· home · projects · bulletin board · links · who are we · contact ·

What is the housing need?

According to the UN Habitat 30% of the world’s urban population lives in slums, deplorable conditions where people suffer from one or more of the following basic deficiencies in their housing: lack of access to improved water; lack of access to improved sewage facilities (not even an outhouse); living in overcrowded conditions; living in buildings that are structurally unsound; or living in a situation with no security of tenure (that is, without legal rights to be where they are, as renters or as owners).

35% of the world’s rural population lives in unacceptable conditions.

Overall more than 2 Billion people are in desperate need of better housing.

In this poor housing people face many unmet needs. For example many are living in overcrowded conditions with inadequate living space. According to the World Bank & UN-Habitat Housing Indicators Program2, people in high income countries, such as Spain, have more than 4 times as much space per person as people in low income countries. (The differential with the U.S. is even higher.)

2. Housing Indicators Program. 1994 The Global Survey of Housing Indicators - 1990. Final survey results. Unpublished. Joint Program of the World Bank and the U.N. Centre for Human Settlements (Habitat). Washington, D.C: World Bank. Cited in “Housing Policy Matters, A Global Analysis”, Shlomo Angel, Oxford University Press. 2000.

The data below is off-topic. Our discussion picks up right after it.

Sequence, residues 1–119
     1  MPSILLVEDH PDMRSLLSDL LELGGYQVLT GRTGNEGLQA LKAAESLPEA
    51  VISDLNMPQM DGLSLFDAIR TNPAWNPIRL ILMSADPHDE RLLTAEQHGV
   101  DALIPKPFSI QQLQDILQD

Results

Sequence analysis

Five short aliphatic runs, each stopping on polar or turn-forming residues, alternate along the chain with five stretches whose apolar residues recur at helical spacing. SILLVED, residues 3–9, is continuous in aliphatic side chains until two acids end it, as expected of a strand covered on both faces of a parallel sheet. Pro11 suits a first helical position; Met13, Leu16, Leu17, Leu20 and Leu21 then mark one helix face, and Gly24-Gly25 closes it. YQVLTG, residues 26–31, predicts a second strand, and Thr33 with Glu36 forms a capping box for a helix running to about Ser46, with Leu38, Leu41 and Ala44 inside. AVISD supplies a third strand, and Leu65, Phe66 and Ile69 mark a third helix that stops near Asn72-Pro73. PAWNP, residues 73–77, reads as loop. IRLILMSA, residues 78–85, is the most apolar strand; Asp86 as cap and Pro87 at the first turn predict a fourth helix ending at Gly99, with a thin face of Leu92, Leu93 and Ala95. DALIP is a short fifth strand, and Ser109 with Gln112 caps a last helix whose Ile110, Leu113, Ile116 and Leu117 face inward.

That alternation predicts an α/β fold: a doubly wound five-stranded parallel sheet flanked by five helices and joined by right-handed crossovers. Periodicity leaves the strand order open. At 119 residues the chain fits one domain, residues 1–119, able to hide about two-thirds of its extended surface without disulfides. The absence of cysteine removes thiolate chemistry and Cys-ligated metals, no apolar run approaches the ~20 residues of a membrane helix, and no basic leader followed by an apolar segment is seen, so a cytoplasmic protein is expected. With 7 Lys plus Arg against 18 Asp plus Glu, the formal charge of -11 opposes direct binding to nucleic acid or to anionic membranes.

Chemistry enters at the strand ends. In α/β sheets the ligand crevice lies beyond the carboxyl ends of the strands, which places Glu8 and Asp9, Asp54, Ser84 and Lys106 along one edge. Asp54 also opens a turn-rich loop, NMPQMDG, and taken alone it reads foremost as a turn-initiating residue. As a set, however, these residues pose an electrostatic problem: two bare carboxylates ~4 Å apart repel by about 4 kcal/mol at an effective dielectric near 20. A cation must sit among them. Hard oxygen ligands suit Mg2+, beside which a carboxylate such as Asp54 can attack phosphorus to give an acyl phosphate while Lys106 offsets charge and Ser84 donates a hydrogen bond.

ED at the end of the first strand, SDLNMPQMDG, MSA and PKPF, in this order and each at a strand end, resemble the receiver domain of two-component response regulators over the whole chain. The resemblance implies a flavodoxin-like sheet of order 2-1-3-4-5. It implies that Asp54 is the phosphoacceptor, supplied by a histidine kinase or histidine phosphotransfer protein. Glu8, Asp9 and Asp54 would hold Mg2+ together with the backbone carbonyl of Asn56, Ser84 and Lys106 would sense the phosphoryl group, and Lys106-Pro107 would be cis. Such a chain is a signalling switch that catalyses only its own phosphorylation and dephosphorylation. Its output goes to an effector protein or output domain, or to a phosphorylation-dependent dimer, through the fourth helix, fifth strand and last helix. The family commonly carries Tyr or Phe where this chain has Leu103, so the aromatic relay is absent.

These people don’t have much space, but what they have is often of poor quality. How big is the difference in quality? And what would it take to bring that housing up to our standards? The Housing Indicators Program attempted to assign a dollar value to housing based on the amount and quality of housing provided. This is not the market value, but a reflection of the amenity provided. Housing in high income countries had 36 times the value, based on quality, of housing in low income countries.

What kind of housing would these people like to have? And what would it cost to provide it? What would it cost to meet their demand? The global housing need includes people with modest housing deficiencies as well as those with the severe deficiencies of the slums. We might consider it reasonable that people aspire to a housing quality similar to that in Spain or parts of Europe, which is less than in the US but about average for the high income countries (US housing has 5.2 times the hedonic value/person of the average for high income countries3). The cost of giving everyone the same value house as in high income countries would be on the order of $211,000 billion.

3.Housing Indicators Program. ..... Cited in “Housing Policy Matter..” p.370 Table A23. $225K/person in U.S. vs 43K for all high income countries.= 5.2 times

The Problem is


I don’t want to worry too much or put too much emphasis on the detail of these statistics. Rather I want to summarize them by saying the problem is “big”.
The need is big. The demand is big. The opportunity is big. As a business person looking at this need, I’m reminded of Henry Kaiser’s ready mix cement trucks which had Kaiser’s motto plastered on the side: “Find a need and fill it.” (To which my mind always added “with concrete”)


· home · projects · bulletin board · links · who are we · contact ·